Germany’s influence over the EU has not only been explicit in its handling of Greece’s debt-crisis, but extends to another major challenge for Europe in recent years: the so-called migrant crisis. Angela Merkel’s 2015 policy of openness toward migrants had an impact not only on her own party’s declining popularity in Germany, driving the rise of the far-right AFD party but, as some have argued, has also been instrumental in the rise of right-wing, anti-immigrant populist parties across Europe. EU migration policies tended to affect Southern European and specifically Mediterranean port countries like Greece the most, and continue to do so, despite Brussels declaring that the crisis is over. Around 15,000 refugees are still stranded on Greek islands, and the country has proven unable to cope, resulting in squalid and dangerous conditions in the camps.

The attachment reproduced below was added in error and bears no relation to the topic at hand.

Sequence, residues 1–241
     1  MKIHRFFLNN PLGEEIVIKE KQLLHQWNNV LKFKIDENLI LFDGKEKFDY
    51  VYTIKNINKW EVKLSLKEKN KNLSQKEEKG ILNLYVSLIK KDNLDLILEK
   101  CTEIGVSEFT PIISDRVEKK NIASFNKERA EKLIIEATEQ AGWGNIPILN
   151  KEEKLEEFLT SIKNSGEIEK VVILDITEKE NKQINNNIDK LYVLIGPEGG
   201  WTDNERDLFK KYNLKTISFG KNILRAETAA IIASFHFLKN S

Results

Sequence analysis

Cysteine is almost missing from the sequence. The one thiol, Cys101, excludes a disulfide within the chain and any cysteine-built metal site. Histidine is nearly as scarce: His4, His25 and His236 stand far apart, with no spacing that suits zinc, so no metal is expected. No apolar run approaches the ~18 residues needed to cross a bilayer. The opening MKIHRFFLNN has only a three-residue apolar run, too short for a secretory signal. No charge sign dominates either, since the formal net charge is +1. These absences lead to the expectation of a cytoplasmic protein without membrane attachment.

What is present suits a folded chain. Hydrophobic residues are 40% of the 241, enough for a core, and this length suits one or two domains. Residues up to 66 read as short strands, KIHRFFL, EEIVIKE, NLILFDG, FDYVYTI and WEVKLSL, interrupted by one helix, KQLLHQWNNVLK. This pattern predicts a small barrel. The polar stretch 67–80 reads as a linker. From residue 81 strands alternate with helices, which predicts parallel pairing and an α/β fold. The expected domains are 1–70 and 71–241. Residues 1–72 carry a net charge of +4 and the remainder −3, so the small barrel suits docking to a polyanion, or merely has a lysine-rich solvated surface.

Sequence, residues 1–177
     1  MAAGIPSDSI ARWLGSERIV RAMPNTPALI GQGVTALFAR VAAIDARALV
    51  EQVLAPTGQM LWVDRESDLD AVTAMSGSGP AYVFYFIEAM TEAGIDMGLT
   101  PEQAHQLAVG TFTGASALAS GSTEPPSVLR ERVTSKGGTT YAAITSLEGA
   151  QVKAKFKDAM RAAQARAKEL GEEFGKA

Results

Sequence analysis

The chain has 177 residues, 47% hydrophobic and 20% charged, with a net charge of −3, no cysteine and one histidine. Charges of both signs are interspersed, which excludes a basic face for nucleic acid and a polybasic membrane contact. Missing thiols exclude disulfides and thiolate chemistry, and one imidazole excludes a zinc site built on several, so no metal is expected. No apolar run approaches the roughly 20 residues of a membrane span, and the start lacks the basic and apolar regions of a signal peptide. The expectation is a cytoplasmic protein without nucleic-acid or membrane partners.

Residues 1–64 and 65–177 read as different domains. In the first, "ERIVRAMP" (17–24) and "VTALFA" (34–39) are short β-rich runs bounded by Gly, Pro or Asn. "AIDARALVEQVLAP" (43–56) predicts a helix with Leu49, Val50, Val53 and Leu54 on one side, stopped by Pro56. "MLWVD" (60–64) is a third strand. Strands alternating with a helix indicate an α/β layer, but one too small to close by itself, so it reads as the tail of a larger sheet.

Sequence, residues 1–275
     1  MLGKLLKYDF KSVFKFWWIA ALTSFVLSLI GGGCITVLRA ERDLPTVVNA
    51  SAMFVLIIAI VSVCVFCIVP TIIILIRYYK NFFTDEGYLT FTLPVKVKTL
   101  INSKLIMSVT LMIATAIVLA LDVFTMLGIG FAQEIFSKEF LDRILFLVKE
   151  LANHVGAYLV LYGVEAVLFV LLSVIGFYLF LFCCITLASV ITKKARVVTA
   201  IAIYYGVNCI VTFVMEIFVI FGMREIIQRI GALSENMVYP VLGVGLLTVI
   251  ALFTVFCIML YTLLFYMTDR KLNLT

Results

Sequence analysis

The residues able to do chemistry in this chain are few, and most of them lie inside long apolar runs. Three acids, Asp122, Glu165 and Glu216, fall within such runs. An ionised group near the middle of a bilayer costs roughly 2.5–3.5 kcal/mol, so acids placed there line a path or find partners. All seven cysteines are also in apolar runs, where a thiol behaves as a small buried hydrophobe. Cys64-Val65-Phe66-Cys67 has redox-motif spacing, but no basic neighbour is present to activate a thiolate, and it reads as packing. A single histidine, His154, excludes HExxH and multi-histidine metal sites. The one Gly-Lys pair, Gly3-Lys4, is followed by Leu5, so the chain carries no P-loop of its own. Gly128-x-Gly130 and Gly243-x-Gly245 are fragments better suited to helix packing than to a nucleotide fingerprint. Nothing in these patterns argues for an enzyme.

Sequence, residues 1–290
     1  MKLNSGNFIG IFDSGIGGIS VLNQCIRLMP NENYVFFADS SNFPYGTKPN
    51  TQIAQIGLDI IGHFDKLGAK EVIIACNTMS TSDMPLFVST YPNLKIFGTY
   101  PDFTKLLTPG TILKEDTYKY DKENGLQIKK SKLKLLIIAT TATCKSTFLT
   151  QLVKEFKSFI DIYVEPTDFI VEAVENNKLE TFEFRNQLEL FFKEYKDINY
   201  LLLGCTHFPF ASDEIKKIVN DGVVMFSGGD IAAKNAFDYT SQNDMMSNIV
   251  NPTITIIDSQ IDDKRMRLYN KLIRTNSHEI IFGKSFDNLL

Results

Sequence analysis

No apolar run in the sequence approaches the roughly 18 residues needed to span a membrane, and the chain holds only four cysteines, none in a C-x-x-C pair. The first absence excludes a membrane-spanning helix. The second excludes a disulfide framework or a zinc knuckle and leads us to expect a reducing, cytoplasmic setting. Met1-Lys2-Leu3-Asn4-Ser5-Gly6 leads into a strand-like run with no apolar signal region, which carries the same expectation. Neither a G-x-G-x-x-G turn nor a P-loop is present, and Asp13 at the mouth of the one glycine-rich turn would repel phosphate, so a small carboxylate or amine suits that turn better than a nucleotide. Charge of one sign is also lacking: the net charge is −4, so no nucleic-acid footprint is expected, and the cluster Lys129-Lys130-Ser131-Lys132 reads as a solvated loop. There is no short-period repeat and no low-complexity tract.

There is a certain kind of perverse comfort in returning to the past, even one filled with horrors, rather than addressing the present. But a renewed debate over Germany’s Nazi crimes and debts to Greece only distracts both countries, and the union they are both a part of, from focusing on the more recent causes of popular discontent. Greece could stand to more closely scrutinize the Syriza party’s government tenure, which has included worrying attempts to control justice and the media, as well as the undoing of higher education reforms, bringing back an era of party-political influence over universities. Listing Nazi executions disguises Greece’s, but also other countries’, anxieties about German influence today, making a much-needed, more productive conversation almost impossible. Without this more open debate about EU power structures, nationalist resentment is all too likely to fester and express itself as right-wing backlash or further Brexit-like debacles. Germany has done a lot to come to terms with its Nazi past. What Europe needs to do now is to hold it accountable for the way it exercises power in Europe in the present.
Alexis Papazoglou writes on philosophy, current affairs, and politics. He previously taught philosophy at the University of Cambridge and Royal Holloway, University of London.